for and first published in TheTyee.com)
Minister Colin Hansen faces a credibility problem when he
presents his budget on Tuesday, September 1st. His government
is already in freefall in the opinion polls as a result of
last month's surprise announcement on the HST. He has to amend
balanced budget legislation a second time, confessing that
there will be more than two years of deficits.
watchers are likely to take any forecasts offered by Hansen
with a grain of salt as they watch for details on cuts. Many
arts organizations started getting letters last week informing
them that they won't be receiving gaming grants; that comes
despite an expansion of BC Lottery Corporation's Internet
gambling. Hundreds of community organizations fear that the
government will wreak havoc on their financial security. Big
cuts to services directly provided by government probably
won't be specified in the budget. It will be necessary to
compare the estimates book tabled last February with the update
tabled Tuesday to find general areas with cuts, and then wait
for leaks that identify the specific program areas that are
getting hammered. Health and education will be especially
tricky because government will point to absolute dollar increases
without considering whether those increases are adequate to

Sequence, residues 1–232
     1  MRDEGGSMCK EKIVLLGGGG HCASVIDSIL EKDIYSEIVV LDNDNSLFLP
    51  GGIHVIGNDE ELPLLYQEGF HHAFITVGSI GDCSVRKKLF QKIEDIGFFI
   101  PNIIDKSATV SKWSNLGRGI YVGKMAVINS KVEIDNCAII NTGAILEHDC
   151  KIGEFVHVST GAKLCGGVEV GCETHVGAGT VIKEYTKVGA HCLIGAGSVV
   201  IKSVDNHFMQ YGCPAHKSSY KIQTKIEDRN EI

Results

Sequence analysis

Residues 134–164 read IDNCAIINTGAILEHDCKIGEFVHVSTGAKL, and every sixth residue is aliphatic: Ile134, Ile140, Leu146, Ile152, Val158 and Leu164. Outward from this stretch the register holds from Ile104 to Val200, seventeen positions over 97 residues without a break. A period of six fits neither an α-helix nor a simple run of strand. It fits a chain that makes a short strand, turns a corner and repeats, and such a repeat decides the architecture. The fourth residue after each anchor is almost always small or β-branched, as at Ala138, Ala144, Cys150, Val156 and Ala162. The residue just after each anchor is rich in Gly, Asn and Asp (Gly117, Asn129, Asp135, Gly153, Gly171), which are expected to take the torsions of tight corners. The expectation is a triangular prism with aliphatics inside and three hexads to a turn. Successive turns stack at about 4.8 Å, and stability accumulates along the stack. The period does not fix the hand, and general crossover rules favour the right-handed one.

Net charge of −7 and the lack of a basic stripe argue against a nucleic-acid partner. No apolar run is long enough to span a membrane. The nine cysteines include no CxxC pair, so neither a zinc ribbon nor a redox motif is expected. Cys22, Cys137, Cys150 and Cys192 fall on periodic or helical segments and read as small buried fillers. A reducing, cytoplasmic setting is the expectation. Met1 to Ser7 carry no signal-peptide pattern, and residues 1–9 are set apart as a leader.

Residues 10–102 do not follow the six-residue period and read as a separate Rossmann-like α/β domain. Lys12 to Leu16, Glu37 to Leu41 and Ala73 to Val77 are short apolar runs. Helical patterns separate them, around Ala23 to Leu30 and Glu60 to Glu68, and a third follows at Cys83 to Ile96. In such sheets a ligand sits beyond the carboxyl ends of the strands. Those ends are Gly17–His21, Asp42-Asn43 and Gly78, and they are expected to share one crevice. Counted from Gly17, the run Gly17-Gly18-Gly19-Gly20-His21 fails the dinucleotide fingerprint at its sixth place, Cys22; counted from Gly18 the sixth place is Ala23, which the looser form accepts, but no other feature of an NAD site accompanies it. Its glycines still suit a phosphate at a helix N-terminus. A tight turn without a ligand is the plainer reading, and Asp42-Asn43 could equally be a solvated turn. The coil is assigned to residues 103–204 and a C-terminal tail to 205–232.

cover higher costs it imposed on health authorities and school
boards through contract negotiations.
can be believed, we will all learn to love and appreciate
the HST once he releases the charts and graphs that will be
part of his budget presentation. In particular, Hansen promised
to "set out some numbers
which will actually demonstrate
that the impact on typical seniors in British Columbia will
in fact be a net benefit
" Hansen may be correct,
but only because many seniors in British Columbia live in
family income is the level at which half of all families have
lower income and half have higher income. For all families,
all ages and all types, median family income in B.C. in 2006
was $62,600; for families with the oldest member being over
age 65, median income was only $21,900. According to the government's
website, "Low income families and individuals will
receive an annual B.C. HST Credit of $230 for individuals
with income up to $20,000 and $230 per family member for families
with incomes up to $25,000, paid quarterly with the GST credit."
The government estimates that "over
1.1 million British Columbians" will receive that
benefit, a testimony to the extent of poverty in B.C. - one
in four. Those figures indicate that 3.3 million British Columbians
will not qualify for the tax credit, in particular, anyone
working full-time and making over $13 per hour, unless Hansen
improves on what has been announced on his HST website.
and their employees are going to be amongst the hardest hit
by the HST. Not only will food service workers suffer as consumers,
but some will lose their jobs. In question period Hansen responded
to concerns raised by Ian Tostenson, President of the British
Columbia Restaurant and Foodservices Association, by saying:
"But at the end of the day, people in British Columbia
who are unemployed do not have the luxury of being able to
go out and enjoy the fine restaurants that he represents."
It is true that British Columbia has many fine restaurants,
but it also has hundreds of coffee shops and fast food outlets.
Tostenson's organization represents that full range of foodservices.